In particular, arugula is also associated with stronger bone for being rich in vitamin K, calcium, iron, folate, manganese, potassium, and phosphorus (the minerals pointed out above with digestive benefits).
Besides that arugula is also said to supply users with high levels of riboflavin, thiamin zinc, protein, pantothenic acid, vitamin B5, vitamin B6, and copper.
Talking of the flavonoid content in arugula, they are said to help lower a person’s cholesterol level and its ability to stick to arteries, make blood vessels more efficient by increasing blood floor and generally lower inflammation.
Other arugula nutrition facts include (per 3.5 ounces ( against 100 gms per serving):
- Fat calories – 25.9 ps
- Sodium – 27mg
- Dietary fiber – 1.5g
- Saturated fat – 0.1g
- Calcium 15%
- Vitamins – 46%
Now that we are aware arugula’s oxalate content is not a cause for concern because it is super low, we can comfortably list the rest of its health benefits with confidence, right? These include:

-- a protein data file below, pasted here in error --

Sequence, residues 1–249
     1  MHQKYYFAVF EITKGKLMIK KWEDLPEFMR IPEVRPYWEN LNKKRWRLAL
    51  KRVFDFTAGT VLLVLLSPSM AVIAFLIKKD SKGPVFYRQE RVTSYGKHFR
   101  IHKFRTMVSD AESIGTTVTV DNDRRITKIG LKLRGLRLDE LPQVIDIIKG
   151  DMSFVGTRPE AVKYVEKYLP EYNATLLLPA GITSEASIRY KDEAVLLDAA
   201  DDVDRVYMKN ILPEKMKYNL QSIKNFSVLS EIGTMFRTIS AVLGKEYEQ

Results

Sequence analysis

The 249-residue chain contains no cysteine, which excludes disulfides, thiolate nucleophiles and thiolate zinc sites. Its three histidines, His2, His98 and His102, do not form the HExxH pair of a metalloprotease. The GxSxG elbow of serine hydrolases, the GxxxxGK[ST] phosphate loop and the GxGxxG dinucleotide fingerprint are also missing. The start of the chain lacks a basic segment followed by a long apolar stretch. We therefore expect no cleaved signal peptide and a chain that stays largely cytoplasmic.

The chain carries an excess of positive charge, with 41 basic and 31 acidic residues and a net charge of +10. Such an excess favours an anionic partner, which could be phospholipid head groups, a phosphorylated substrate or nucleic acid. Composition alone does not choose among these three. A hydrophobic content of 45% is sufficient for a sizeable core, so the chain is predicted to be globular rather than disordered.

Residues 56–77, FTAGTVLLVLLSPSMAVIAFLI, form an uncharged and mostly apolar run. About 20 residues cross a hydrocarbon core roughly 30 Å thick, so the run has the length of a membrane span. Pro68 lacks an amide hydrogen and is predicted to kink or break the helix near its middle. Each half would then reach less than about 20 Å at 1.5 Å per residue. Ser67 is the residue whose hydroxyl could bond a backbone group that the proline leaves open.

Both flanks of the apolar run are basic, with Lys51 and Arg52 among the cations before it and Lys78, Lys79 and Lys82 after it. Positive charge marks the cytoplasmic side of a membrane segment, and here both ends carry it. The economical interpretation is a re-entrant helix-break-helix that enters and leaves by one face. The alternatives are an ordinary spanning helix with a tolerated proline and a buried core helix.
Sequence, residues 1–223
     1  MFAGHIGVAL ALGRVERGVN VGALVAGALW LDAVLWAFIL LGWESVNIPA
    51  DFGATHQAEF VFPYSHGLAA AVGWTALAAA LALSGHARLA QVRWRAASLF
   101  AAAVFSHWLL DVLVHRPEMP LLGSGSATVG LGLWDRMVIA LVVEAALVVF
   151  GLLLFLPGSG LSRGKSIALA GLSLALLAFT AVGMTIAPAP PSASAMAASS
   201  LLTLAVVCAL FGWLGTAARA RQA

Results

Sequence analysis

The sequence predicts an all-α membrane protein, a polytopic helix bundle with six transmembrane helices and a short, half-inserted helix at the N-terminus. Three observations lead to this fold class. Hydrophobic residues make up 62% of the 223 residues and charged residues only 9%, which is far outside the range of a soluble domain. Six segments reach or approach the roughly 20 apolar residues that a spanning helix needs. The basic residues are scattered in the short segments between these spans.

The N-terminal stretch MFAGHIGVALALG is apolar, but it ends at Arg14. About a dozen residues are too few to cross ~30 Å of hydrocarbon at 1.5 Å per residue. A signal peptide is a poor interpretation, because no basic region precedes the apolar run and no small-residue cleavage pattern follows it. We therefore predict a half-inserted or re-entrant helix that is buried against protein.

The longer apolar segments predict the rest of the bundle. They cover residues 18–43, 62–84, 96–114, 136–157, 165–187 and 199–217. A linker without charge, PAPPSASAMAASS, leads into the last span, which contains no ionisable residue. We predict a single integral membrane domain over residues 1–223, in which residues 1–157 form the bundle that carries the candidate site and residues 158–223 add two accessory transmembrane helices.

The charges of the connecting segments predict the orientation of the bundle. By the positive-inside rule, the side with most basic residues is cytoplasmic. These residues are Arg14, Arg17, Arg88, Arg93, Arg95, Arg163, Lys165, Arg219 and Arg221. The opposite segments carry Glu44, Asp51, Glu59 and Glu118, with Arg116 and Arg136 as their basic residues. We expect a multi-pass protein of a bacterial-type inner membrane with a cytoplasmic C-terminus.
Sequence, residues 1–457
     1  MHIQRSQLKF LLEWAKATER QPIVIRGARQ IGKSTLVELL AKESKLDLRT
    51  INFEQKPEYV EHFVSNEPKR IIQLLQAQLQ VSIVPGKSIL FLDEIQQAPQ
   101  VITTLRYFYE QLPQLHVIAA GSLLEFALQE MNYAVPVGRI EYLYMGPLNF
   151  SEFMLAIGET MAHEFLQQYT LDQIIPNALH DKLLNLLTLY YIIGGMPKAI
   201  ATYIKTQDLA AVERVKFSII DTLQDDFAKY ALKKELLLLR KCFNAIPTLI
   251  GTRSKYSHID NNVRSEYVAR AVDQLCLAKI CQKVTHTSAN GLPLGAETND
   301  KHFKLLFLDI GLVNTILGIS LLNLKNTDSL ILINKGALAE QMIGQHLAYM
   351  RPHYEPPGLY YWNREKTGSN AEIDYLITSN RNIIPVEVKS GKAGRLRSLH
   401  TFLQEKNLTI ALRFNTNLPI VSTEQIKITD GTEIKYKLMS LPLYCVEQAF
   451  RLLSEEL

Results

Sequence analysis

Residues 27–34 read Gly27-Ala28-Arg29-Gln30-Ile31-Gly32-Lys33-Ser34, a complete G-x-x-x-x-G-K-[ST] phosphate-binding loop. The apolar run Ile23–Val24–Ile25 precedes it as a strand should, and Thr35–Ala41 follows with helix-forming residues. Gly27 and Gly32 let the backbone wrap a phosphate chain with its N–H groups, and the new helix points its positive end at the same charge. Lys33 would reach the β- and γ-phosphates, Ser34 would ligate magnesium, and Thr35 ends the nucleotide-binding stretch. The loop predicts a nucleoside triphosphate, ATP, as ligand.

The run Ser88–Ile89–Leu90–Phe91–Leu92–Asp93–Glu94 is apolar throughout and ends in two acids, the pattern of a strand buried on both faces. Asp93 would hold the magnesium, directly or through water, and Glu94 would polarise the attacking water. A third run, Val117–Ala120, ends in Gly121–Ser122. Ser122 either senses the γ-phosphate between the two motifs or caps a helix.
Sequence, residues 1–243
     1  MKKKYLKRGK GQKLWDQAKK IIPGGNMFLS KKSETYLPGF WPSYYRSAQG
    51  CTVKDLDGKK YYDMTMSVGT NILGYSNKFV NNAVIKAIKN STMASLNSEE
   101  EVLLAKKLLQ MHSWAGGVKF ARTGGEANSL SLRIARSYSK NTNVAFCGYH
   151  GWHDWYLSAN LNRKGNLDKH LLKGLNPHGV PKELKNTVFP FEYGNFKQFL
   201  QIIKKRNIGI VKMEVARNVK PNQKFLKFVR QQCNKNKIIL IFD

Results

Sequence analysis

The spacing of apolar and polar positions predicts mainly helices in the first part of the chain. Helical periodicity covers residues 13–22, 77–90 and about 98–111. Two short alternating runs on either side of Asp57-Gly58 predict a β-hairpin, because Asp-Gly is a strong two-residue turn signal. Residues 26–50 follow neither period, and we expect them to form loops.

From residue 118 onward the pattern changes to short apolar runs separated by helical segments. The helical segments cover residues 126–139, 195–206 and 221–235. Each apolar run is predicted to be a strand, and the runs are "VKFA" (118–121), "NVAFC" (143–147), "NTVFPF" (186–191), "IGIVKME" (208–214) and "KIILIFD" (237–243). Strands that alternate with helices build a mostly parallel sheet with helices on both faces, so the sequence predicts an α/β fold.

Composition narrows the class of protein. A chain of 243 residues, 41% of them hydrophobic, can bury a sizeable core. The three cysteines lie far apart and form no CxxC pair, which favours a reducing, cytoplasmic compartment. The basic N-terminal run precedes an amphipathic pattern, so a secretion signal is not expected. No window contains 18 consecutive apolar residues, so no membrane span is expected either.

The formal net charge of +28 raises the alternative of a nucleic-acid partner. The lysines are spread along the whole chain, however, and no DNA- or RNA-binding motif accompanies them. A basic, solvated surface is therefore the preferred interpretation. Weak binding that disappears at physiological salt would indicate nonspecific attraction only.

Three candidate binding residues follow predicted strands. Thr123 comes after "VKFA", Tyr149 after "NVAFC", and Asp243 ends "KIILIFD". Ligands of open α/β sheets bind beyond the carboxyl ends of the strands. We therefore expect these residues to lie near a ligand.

- It promotes the production of nitric oxide – good for normal mitochondrial and endothelial function
- Good for eyesight from its carotenoids properties
- Has detoxification properties – why it is also used in arugula superfoods and liver cleansing supplements as an ingredient.
- Seen to help herbicides and pesticides removal from the body
- Good for inflammation and blood pressure maintenance
- It has been associated with having cancer and diabetic fighting compounds
- May help in managing gastrointestinal ulcers
- It is claimed to be an aphrodisiac.
In short, it’s safe to say that arugula is off the hook from high oxalate foods concerns. Top on that it is also clear that this veggie is so rich when it comes to the nutrients it supplies. It is also touted to have many health benefits, which makes it a great ingredient in food supplements like Arugula Powder.
However, when it comes to inclusion in superfoods as stated above, it is good that users read to know what other ingredients a supplement has to know what other health benefits (or side effects if any) they should expect. You can find such kind of information on this Arugula Powder’s product description or head over to the review section to learn a thing or two about the superfood.